“This will allow us to do lending and other activities,” Alenazi said. “We have a lot to do in terms of products and services,” he added, indicating that a banking license would allow the business to expand into more valuable business areas.

“We don’t want to tap in with similar products and services available in the market, we want to tap in with a unique user experience,” he said. “We will work with the central bank to get it done ASAP.”


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Amazon pushes holiday shoppers to pick up packages at stores

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An Amazon worker delivers packages amid the coronavirus disease (COVID-19) outbreak in Denver, Colorado, U.S., April 22, 2020.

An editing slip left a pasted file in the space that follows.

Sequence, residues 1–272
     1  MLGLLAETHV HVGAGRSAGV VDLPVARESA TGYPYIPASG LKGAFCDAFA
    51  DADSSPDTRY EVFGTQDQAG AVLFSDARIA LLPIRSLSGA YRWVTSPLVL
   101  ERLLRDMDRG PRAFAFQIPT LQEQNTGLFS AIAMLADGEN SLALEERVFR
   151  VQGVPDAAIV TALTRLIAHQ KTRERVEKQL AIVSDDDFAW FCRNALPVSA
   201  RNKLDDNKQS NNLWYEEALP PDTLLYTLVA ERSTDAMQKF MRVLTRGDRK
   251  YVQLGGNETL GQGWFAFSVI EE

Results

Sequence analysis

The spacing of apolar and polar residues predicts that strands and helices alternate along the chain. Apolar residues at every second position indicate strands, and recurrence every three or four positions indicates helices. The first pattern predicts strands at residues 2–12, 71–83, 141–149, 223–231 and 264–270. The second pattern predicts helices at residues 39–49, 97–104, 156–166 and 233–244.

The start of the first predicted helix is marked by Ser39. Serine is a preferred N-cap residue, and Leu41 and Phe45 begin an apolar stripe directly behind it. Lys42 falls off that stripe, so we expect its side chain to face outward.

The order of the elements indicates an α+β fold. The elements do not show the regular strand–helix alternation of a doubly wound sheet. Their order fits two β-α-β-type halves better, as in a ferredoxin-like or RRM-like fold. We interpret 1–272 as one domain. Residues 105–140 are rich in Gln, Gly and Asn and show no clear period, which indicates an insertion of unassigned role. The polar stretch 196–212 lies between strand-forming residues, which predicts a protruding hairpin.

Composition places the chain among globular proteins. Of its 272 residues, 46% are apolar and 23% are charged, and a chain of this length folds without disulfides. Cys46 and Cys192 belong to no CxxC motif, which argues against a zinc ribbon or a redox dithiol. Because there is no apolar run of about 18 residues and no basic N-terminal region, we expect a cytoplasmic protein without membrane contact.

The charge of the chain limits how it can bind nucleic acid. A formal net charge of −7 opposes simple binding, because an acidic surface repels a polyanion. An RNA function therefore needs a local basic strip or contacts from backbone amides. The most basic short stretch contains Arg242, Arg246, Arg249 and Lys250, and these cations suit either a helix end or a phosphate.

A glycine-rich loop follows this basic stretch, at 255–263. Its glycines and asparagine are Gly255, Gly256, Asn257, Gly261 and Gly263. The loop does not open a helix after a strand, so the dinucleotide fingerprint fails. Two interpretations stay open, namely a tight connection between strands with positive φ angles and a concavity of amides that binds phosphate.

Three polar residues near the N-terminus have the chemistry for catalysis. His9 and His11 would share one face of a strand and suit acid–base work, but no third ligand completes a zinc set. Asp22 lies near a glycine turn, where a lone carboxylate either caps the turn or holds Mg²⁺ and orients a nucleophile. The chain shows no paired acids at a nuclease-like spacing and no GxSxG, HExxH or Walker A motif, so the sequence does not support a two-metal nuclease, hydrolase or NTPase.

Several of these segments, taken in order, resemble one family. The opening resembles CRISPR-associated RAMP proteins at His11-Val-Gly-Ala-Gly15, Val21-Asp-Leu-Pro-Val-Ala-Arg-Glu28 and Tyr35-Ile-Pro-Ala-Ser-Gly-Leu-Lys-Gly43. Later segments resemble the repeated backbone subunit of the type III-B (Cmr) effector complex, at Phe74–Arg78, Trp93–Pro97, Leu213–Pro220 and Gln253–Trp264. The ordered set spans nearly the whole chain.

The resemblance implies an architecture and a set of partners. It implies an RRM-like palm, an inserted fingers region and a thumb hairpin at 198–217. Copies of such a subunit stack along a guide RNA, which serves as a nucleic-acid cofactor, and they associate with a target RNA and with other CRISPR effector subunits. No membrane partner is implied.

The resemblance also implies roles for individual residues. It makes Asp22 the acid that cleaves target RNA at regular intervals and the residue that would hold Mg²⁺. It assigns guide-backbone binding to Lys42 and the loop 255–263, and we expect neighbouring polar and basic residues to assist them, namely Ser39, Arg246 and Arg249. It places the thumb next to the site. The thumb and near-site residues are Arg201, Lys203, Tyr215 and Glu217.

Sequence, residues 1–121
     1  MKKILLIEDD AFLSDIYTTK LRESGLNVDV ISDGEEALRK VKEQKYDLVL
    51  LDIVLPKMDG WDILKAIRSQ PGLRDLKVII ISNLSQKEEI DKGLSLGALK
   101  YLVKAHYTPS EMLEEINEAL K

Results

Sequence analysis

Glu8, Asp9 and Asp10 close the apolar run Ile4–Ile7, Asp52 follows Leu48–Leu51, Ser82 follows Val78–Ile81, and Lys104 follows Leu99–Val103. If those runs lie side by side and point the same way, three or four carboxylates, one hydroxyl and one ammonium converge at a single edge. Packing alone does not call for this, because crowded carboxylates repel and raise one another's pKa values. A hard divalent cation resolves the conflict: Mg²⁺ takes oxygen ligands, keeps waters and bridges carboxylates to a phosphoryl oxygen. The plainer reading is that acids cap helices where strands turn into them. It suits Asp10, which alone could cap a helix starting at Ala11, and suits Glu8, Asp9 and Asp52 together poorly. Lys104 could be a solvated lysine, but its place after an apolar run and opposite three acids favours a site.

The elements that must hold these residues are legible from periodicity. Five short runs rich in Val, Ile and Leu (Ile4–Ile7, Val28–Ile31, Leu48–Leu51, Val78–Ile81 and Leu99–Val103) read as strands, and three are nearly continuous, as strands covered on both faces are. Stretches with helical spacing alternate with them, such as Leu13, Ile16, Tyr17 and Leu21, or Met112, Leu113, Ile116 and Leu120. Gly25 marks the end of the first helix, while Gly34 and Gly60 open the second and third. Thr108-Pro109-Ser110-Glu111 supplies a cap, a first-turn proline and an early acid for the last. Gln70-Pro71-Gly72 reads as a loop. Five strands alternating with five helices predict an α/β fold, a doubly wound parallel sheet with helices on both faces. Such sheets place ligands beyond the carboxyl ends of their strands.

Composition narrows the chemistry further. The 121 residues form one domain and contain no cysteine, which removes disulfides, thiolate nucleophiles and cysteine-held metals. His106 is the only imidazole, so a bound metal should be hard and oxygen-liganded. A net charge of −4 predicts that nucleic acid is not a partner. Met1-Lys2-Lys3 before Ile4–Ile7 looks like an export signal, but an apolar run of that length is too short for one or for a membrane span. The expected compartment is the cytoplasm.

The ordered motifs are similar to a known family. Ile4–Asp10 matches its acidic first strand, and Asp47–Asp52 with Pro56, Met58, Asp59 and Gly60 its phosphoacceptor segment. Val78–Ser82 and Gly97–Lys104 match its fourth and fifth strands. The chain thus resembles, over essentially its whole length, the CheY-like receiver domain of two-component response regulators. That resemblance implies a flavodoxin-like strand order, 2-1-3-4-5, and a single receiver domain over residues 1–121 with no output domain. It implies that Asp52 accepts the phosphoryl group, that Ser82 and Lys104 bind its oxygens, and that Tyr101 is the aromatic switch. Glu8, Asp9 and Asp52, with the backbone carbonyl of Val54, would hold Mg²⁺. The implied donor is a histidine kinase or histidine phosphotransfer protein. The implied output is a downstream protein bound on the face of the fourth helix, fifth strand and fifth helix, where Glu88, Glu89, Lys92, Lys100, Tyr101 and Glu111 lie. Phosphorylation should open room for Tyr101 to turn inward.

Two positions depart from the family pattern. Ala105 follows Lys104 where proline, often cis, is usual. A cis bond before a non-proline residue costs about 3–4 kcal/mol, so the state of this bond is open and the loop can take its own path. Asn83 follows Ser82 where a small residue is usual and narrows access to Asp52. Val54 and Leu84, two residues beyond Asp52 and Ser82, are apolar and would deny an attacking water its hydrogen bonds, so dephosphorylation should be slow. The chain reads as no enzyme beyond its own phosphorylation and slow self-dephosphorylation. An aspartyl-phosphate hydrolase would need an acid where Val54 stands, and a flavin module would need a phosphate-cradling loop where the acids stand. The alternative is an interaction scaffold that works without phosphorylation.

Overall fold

Kevin Mohatt | Reuters

Amazon is pushing holiday shoppers to retrieve their own packages from brick-and-mortar retail locations and neighborhood “hubs,” as it braces for a surge in online orders.

The company said in a statement Monday that Amazon shoppers nationwide can now get their gifts delivered to one of its physical bookstores, called Amazon Books, or an Amazon 4-star location.

Amazon also highlighted its network of contactless pickup points, referred to as Amazon Hub, as an “alternative delivery location” for holiday orders. Hub locations refer to Amazon’s network of self-service kiosks and manned pickup counters, located inside or near local shops, as well as in residential apartment buildings.

Amazon said it was offering shoppers new ways to pick up their packages as a means of keeping their holiday season “spoiler free.”